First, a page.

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Should I top up my CPF-SA, CPF-MA or SRS account?

Thursday, March 26, 2015

This blog post is inspired by a comment by a reader, Lee Jiahui, who thinks that the "SA is last priority to throw cash at", preferring to top up "self SRS or parents or children's medisave account".

To read the full comment, please go to my FB wall.

Since I always say that we should beef up our CPF-SA and do it early, what is my response to this comment?

Well, in a nutshell, what a person does would depend on his objectives.

The purpose of the CPF-SA is to fund our retirement and cannot be used for other purposes unlike the CPF-OA which although is meant to fund our retirement ultimately can be used for myriad purposes.

Keep going.
Discounting the additional 1% for the first $40K, the CPF-SA pays a 4% per annum base rate which, if given time and a boost very early on, will result in almost magical results. 

The 8th wonder of the world, remember? 

This was what I thought almost 20 years ago when I first entered the workforce as a working adult. I decided to experiment with it and regular readers know the results today.

I also like the idea of having an SRS account and contributing to it to reduce total income tax payable. 

Topping up of the CPF-MA is also a good idea since it pays 4% per annum too and get "free" H&S insurance in the process. (See related post #5 at the end of this blog.)

We can also top up the CPF-MAs of loved ones to help pay for their H&S plans.

These are all financially prudent things to do but what we do ultimately depends on our objectives.

If our objective is to speed up the creation of a retirement nest egg in a risk free manner, then, doing CPF-OA to SA funds transfer very early on in life is something we can consider.

This was what I did.

Doing MS top up to our CPF-SA will also help and this comes with the added advantage of income tax relief (for up to $7K of top up per year).

However, not everyone will have the spare cash to do this, especially early on in our careers. I know because I was in the same shoes before.

There are many things we can do to help ensure that our personal finances are healthy.

However, there are so many areas to cover in personal finance and what we do or don't do now (beyond the basics) will depend on our objectives which would probably be prioritised differently for different people, depending on our own beliefs and circumstances.

Whatever the case may be, in a world like ours, we need to have a sound long term financial plan. 

Some are lucky to have their parents plan early for them. For most of us, we have to take on this responsibility ourselves and the earlier the better.

Source: CPF Board.
Always bear in mind that there are opportunity costs.
Always bear in mind that our home is a consumption item.

Map out a path but be on the lookout constantly for a better way to travel towards our destination. 

It will be hard in the beginning. It might even be demoralising. I know. 

However, if we keep doing the right things, it will get easier with time and we will be rewarded. Believe it.

Related posts:

1. Ten questions from an undergrad.


Mao Mao said...

If funds are limited, I think topping up SA first has more benefits than topping up SRS.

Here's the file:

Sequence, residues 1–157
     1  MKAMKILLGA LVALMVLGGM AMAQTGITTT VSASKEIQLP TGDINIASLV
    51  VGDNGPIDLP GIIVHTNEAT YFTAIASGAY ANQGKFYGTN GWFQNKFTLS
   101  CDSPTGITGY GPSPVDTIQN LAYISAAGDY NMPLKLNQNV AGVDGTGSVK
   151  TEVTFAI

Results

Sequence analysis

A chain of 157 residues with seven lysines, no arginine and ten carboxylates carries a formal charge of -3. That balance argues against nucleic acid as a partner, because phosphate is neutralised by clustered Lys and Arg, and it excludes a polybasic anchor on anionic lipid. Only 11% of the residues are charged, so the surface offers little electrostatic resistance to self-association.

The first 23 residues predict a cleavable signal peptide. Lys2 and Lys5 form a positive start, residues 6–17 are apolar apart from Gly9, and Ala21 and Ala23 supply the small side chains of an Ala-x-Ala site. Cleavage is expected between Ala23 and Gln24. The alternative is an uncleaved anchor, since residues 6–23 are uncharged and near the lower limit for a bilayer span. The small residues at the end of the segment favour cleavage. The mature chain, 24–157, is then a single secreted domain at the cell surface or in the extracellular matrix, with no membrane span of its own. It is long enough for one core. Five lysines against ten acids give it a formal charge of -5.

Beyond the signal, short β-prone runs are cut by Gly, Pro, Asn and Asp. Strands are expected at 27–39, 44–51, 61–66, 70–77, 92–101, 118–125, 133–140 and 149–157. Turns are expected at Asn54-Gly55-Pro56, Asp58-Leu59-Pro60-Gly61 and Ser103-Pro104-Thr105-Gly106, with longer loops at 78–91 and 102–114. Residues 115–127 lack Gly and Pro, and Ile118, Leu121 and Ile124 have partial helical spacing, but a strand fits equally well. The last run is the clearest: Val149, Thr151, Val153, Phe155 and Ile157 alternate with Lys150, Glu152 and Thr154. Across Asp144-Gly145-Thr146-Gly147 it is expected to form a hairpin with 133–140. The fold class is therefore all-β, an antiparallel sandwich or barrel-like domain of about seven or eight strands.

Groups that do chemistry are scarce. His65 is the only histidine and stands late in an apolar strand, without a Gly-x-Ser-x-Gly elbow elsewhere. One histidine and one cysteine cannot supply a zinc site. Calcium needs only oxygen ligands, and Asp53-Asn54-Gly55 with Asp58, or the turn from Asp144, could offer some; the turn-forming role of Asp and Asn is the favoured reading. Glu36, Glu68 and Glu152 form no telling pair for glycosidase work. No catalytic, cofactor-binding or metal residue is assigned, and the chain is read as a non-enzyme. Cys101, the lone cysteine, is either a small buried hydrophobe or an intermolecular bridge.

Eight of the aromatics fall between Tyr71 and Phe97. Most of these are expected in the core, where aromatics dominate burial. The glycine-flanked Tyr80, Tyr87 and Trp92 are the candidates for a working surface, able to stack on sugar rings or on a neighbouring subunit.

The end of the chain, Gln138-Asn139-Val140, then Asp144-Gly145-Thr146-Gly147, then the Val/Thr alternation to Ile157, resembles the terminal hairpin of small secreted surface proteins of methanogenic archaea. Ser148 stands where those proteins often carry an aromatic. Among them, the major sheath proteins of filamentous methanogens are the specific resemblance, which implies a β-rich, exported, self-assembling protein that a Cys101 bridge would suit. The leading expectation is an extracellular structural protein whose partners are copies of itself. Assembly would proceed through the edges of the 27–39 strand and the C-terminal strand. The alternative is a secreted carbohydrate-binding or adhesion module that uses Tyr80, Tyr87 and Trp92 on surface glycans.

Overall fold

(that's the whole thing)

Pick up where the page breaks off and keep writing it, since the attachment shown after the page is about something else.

AK71 said...

Hi MaoMao,

I believe that if our objective is retirement adequacy, then, the SA is the logical first choice. It is a low hanging fruit to me. :)

AK71 said...

From a FB chat:

Dexter Choo:
Anyway if let's say you do VC and Max your SA yearly , you still wanna Max SRS because you're using it as a warchest?

Assi AK:
If I can max, I will max.
But if I no longer have an earned income and no longer have to pay income tax, I will not contribute to SRS liao.

Unknown said...

If we contribute to SA monthly, we do not need to pay income tax right? For example, yearly income tax is $1200. Before that i contribute $100 every month for a year, so my income tax is $0?

AK71 said...

Hi VH,

It depends on what is your chargeable income. So, if, for example, your chargeable income is $30,000 a year, your income tax payable is $200. No income tax for the first $20,000 and 2% income tax for the next $10,000.

In order not to pay that $200, you could contribute to your CPF-SA, CPF-MA and/or SRS account a total of $10,000 in that year.

You might want to refer to this:
Income Tax Rates.

AK71 said...

"Always be saving something. Put it into a tax-deferred account. Over time, it will begin to amount to something. This is such a no-brainer." Charlie Munger.

AK71 said...

Reader says:
I'm planning to do VC monthly to my CPF account. Which account should I start first MA or SA? Both can give me a tax relief.

AK says:
What we do will depend on our objectives.
Money in the SA is purely for retirement funding.
Money in the MA is used to pay for H&S insurance and medical bills.

See this:

AK71 said...

Ng Cheekoon:
You are banking on the rules that won't change in the next XXX years? How can I be sure?

So far, changes to the CPF system have been made to help ensure greater retirement adequacy. I trust that this will continue to be so.
Of course, if we don't trust the system, don't do voluntary contributions or top ups. :)

AK71 said...

Reader says...
I finally save up 7k for RSTU this month. But coming next month the BHS up 2.5k. Should I split the money for MA? Both top up look the same. Tax relief and 4% CPF interest. What's your thoughts please?

AK says...
Read this blog. ;p

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